Saturday, November 21, 2009

Controversial egg modification technique could increase IVF success in older women

A controversial new technique to improve the quality of eggs from older women undergoing IVF is being developed by Japanese scientists.

Because the procedure involves using eggs from two women to create a single viable egg for fertilisation, it has sparked a media furore over the potential creation of what have been inaccurately dubbed 'three-parent embryos'.
The success rate of IVF declines dramatically as the age of the woman undergoing the procedure increases. One of the reasons for this is thought to be the accumulation of abnormalities in the cytoplasm (the jelly-like substance that surrounds a cell's nucleus) of eggs from older women. Researchers at the St Mother Hospital in Kitakyushu, Japan, took the nucleus out of an egg cell from an older woman undergoing IVF and transplanted into an egg donated by a younger woman (under the age of 35) which had first had its nucleus removed. The resulting egg had the nucleus from the older woman but the cytoplasm from the younger woman.
The research team presented their results at the American Society for Reproductiove Medicine meeting in Atlanta, Georgia in October 2009. Out of 31 eggs on which the procedure was performed, 25 appeared to have transplanted successfully and looked healthy and so were used for fertilisation. Out of these 25 eggs, seven (28 per cent) formed early-stage embryos after being injected with sperm. This was a dramatic improvement on the usual three per cent success rate for the fertilisation of eggs from older women.
In this case, the embryos were not implanted back into women, but team leader Dr Atsushi Tanaka told New Scientist magazine: 'If we could transfer these constructed new embryos, I believe the success rate would be high'.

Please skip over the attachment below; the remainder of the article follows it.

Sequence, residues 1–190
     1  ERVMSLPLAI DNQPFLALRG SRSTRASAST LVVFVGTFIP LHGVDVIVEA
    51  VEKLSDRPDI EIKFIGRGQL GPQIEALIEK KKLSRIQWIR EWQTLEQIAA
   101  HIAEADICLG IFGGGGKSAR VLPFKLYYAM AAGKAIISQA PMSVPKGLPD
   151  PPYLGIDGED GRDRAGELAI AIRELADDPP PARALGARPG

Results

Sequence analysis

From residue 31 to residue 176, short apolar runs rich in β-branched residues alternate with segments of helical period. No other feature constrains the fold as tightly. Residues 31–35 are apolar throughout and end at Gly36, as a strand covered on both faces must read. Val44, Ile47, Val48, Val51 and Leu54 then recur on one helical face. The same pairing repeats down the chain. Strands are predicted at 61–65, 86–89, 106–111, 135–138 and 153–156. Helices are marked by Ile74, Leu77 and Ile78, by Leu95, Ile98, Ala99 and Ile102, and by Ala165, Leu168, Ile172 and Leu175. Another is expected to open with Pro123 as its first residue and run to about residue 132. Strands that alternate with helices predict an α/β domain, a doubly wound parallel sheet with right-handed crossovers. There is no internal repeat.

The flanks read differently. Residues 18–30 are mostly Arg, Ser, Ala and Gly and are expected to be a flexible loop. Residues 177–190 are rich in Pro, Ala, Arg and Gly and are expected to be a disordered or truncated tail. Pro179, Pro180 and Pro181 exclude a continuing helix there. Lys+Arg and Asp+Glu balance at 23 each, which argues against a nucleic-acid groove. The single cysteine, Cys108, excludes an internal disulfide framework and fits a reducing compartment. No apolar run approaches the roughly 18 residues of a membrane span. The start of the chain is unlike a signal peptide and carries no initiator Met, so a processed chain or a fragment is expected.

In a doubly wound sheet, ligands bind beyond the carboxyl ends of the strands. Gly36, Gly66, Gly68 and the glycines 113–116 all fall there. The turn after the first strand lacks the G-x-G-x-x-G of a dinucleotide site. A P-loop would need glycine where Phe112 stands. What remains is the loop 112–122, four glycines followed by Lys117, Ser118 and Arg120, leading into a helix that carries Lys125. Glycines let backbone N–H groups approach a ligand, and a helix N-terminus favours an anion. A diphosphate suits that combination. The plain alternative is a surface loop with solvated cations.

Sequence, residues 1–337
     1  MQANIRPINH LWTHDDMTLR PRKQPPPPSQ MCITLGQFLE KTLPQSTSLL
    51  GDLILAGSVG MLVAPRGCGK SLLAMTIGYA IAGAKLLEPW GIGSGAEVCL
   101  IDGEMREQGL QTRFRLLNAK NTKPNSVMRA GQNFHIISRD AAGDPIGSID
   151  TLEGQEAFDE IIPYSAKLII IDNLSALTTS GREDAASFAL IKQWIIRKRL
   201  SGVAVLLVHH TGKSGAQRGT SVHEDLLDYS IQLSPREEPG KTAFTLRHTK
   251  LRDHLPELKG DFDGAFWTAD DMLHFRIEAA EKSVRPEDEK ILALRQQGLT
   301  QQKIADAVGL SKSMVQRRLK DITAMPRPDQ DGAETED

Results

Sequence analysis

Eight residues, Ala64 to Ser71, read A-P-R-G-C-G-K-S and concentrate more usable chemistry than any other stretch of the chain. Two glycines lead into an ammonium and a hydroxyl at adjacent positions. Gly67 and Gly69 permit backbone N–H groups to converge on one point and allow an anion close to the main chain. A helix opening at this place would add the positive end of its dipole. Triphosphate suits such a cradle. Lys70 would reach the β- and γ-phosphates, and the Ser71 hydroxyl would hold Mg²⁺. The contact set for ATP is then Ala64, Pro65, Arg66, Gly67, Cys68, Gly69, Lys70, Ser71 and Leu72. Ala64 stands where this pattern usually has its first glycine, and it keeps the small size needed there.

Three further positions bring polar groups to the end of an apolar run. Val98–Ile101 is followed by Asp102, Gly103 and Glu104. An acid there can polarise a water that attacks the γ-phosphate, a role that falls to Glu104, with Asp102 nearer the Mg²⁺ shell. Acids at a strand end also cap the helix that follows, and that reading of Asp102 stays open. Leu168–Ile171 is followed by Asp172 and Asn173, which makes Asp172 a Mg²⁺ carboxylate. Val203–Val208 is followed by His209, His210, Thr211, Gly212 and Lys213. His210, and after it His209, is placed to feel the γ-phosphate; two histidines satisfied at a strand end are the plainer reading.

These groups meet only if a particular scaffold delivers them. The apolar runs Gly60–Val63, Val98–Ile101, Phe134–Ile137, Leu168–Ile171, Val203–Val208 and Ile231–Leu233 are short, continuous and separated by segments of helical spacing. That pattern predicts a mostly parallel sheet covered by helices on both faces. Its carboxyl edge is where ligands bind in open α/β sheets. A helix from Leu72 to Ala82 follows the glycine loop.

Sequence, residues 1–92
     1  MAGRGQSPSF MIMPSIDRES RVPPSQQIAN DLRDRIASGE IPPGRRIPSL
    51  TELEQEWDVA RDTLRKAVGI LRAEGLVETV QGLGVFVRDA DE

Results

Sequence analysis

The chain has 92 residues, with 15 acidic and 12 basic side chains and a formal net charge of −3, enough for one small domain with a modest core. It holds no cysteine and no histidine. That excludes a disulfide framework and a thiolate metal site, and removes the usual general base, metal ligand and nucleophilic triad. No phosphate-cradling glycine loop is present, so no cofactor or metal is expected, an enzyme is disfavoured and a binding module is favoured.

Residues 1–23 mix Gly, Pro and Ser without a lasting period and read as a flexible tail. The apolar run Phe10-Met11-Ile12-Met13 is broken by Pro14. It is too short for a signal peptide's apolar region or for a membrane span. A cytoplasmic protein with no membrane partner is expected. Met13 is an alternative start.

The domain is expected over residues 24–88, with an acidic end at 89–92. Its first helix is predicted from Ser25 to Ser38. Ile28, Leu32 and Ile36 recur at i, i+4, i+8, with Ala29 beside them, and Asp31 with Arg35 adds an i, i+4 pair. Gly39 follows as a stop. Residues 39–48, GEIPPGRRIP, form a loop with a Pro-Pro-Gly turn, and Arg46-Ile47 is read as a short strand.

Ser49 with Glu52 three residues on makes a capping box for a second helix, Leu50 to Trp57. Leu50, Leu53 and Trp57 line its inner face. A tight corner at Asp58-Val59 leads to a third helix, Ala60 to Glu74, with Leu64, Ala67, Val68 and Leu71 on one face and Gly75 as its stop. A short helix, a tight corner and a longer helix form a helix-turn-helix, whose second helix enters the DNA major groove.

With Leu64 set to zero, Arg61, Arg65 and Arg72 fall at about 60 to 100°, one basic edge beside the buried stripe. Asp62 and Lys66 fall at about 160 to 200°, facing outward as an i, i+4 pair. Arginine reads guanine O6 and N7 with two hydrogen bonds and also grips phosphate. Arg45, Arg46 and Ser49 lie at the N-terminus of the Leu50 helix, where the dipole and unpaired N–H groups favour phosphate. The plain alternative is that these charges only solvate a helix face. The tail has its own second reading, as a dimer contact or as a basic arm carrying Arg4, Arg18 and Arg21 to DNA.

Although the vast majority of human DNA is contained inside the nuclei of cells, a handful of genes - just 37 genes out of around 25,000 genes in total - are found in the mitochondria, tiny structures that exist in the cytoplasm and provide power to cells. The embryos created by Dr Tanaka and his team would inherit only these 37 genes from the younger donor of the empty egg and cytoplasm, and their remaining 25,000 or so genes from the woman who donated the egg's nucleus and the man who donated the sperm. For this reason, a similar technique of nuclear transfer has been proposed in order to enable women who have severe genetic disorders associated with mitochondrial genes to have children of their own without passing on their condition.
The use of this technique on eggs intended for implantation is currently banned in the UK. However, the new Human Fertilisation and Embryology Act recognises what it calls the 'devastating effects' of mitochondrial diseases and will allow for secondary legislation to sanction treatment of mitochondrial diseases should therapies be developed.

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